There's a new sewing machine on the market, just in time for all you gift-buyers to part with your hard-earned cash. It's called SewCute, and it really is a Cutie! And it's just 30-bucks or so. Most of you who want a "kid's sewing machine" that is "cheap" will really want one of these! Up front warning: I still categorize it with the Toys.
This little cutie sews badly with a chain stitch. A chain stitch is the kind that looks like stitches on the top and loops on the bottom. The benefit of a chain stitch is that there is no bobbin. The bad thing about a chain stitch is that if one loop is missed during stitching or breaks, the whole seam comes unravelled. The Singer toy sewing machine makes this same chain stitch which is always a problem.
Another problem is the weight. It is so tiny and light that I can hold the whole thing up in the air by just pinching the take up lever between my thumb and forefinger. This makes it difficult to sew. Every time you try to lift the presser foot to end a seam, the whole machine lifts off the table. You have to hold the machine down with your right hand while you work the lever with your left. Unless you're a 3-handed person, this means you have no hands left to handle the fabric. It's a sad thing, but there it is.
A good way to put it is that learning to sew with a Sew Cute is like learning to make a cake in an EasyBake Oven. Now don't get me wrong! It may date me, but I did love my EasyBake Oven. But even at the ripe age of 8, I knew I wouldn't be making cookies for the classroom party in it. The SewCute is designed to be a toy and a plaything. One customer informed me that she was so dissappointed in it that she got a bigger thrill out of hearing it bust into smithereens at the bottom of the trash can than she did buying it!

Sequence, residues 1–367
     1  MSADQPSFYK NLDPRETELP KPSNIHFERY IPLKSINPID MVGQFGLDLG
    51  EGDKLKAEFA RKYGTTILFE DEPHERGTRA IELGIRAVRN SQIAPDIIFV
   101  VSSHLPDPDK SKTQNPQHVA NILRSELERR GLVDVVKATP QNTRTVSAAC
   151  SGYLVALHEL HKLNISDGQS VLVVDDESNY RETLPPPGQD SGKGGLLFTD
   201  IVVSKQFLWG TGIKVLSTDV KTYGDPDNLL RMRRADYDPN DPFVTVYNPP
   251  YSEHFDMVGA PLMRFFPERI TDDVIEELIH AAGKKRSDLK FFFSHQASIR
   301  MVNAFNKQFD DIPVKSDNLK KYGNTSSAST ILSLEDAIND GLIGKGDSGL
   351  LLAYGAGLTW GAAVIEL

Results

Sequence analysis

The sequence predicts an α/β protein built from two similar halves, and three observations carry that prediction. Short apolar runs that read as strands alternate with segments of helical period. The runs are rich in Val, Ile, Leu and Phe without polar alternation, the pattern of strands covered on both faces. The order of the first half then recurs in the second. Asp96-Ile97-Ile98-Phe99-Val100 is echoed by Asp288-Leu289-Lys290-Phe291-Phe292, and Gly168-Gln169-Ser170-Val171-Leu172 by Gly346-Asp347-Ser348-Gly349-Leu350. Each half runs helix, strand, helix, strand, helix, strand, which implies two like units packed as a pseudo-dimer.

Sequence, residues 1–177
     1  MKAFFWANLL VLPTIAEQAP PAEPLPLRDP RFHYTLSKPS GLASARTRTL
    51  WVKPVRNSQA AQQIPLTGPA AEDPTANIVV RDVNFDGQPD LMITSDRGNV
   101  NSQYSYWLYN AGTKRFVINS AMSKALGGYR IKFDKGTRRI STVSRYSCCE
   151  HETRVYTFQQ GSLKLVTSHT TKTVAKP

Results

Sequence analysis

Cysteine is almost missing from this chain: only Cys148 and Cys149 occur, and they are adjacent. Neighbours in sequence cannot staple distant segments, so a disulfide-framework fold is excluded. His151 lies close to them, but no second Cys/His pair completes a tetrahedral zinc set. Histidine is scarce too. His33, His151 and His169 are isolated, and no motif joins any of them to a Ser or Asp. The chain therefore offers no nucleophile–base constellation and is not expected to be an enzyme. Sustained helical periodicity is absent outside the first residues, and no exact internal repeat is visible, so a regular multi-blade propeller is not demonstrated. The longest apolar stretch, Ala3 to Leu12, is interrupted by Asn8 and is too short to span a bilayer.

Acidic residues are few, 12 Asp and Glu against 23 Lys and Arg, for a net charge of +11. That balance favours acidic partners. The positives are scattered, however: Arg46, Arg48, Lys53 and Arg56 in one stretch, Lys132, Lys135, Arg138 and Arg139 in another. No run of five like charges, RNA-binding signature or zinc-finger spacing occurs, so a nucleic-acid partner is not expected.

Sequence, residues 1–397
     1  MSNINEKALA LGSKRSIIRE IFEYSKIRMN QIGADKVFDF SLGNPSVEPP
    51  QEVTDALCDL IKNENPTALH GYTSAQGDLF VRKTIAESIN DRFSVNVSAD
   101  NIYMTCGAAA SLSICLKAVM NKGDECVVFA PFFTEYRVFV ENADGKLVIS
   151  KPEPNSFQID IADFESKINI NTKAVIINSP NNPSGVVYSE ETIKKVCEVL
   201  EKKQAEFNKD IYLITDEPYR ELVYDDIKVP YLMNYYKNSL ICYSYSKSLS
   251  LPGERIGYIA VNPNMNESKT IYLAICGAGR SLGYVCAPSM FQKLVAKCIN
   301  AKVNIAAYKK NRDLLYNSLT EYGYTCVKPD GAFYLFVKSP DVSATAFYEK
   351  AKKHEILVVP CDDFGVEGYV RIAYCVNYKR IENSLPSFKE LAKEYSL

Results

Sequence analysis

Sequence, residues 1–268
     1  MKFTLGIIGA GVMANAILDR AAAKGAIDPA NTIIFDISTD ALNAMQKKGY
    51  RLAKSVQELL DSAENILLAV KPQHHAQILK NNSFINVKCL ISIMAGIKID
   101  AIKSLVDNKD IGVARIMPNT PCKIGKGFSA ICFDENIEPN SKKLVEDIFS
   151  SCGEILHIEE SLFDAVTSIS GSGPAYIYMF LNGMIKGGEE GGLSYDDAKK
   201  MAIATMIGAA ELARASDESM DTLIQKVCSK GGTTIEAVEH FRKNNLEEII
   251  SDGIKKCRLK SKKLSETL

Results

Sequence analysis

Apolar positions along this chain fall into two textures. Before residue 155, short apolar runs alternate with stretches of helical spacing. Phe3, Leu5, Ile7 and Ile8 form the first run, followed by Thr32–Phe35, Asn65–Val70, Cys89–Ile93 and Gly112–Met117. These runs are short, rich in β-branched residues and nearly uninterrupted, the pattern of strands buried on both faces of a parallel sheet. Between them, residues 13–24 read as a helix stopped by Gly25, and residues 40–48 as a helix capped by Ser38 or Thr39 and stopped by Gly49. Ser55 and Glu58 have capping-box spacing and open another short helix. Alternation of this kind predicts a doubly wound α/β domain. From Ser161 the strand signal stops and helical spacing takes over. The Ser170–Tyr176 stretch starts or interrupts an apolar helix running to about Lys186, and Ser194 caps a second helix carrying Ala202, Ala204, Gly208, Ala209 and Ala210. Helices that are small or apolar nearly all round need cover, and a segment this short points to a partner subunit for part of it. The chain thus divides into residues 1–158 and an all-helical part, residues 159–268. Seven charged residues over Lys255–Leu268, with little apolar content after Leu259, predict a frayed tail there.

If you want your child to have the best sewing experience possible, your money is better spent on a real machine, one that will really sew, for real, in the first place. $300 will get you a decent sewing machine. If you need a lower priced machine, do some strategic shopping at second-hand stores, pawn shops, and the refurb department of a sewing machine dealer. For 50- to 100-bucks you will provide a much better sewing experience to your young'uns that will last through all their lessons, and you won't have to buy two machines. And of course I would be remiss if I didn't suggest our Beginner Sewing Machine buying guide! Just $5.99, or free with your order of at least $49.00! It even includes pictures of the Sew Cute (insides, too!) as well as a checklist to take shopping with you.
Your Sewing Skills
Are in Your Hands